STS-124 -- Mission Patch Explorer Game
Read below to learn more about the STS-124 mission patch.
Space shuttle Discovery will take the STS-124 crew to the International Space Station. This 123rd space shuttle flight is the 26th flight to the space station and the 35th flight for Discovery. The main goal of the mission is to install the Kibo laboratory's large Japanese Pressurized Module, or JPM.
STS-124 carries the main piece of the space station's largest laboratory -- Kibo. This lab is from Japan. The part that STS-124 carries is Kibo's Japanese Pressurized Module. It is the size of a school bus. Astronauts will conduct microgravity experiments in this lab. Kibo experiments and systems are operated from a mission control room near Tokyo.
Commander Mark Kelly leads shuttle mission STS-124, his third shuttle flight. He was the pilot on STS-108 and STS-121. Before docking with the space station, he will fly the shuttle in the rendezvous pitch maneuver. At that time Discovery flips over so that the station crew can photograph its heat shield. Kelly's twin brother Scott is also an astronaut.
Ken Ham is the pilot for the STS-124 space shuttle mission. It is his first spaceflight, but he has more than 3,700 flight hours in more than 40 different aircraft. Ham is responsible for the operations of orbiter systems and the shuttle’s robotic arm. He will undock Discovery from the space station near the end of the mission.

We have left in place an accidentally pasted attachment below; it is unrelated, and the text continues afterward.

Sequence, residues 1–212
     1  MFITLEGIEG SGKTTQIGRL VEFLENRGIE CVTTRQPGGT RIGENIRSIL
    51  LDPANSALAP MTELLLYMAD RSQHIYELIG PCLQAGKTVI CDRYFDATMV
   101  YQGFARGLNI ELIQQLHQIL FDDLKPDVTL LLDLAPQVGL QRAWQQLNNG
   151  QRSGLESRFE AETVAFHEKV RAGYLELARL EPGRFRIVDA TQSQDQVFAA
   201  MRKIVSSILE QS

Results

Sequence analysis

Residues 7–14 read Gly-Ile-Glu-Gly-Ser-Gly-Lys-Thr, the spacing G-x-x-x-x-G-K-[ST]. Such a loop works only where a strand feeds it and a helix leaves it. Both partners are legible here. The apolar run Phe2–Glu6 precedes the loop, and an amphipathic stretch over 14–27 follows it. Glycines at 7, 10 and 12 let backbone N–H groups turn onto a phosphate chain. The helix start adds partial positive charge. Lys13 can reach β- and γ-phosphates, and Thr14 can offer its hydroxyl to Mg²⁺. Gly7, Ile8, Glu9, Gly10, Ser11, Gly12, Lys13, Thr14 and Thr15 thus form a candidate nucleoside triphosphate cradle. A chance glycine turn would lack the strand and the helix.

Karen Nyberg is a mission specialist on STS-124. She served seven days as an aquanaut in an undersea research habitat as part of the NASA Extreme Environment Mission Operations, or NEEMO, mission. During STS-124 she will operate the shuttle’s and space station’s robotic arms. She will work with the new Japanese robotic arm.
The Japanese word "Kibo" on the patch means hope. The sun shining on Earth represents the hope that the world will benefit from the Kibo laboratory. Japanese astronauts will experiment in space medicine, biology, Earth observations, material production, biotechnology and communications research in Kibo.
Greg Chamitoff (SHAM eh tawf) is a mission specialist. STS-124 is his first spaceflight. During STS-124 he will operate the space station’s robotic arm. He will remain on the space station as a flight engineer and science officer during Expedition 17. He is scheduled to return on shuttle mission STS-126, targeted for launch in November 2008.
Akihiko Hoshide (ah-kee-he-ko ho-she-day) is a mission specialist from the Japan Aerospace Exploration Agency, or JAXA. STS-124 is his first spaceflight. During STS-124 he will work on the Kibo assembly and activation, including operating the space station’s robotic arm to install the new module. When he activates the main computer, JAXA can command it from the ground.
STS-124 is Mike Fossum's second shuttle mission. He flew as a mission specialist with Mark Kelly on STS-121 in 2006 and has spent more than 306 hours in space. Fossum was a spacewalker on that mission. On STS-124, he is the lead spacewalker and will perform three spacewalks. He also will operate the space shuttle's robotic arm.
The STS-124 mission is Ron Garan's first spaceflight. He is a mission specialist whose main job on STS-124 will be to perform spacewalks. He and astronaut Mike Fossum will remove the Japanese module from the shuttle’s payload bay and prepare the lab for installation on the space station. Garan also is one of the space shuttle’s robotic arm operators.
> View interactive version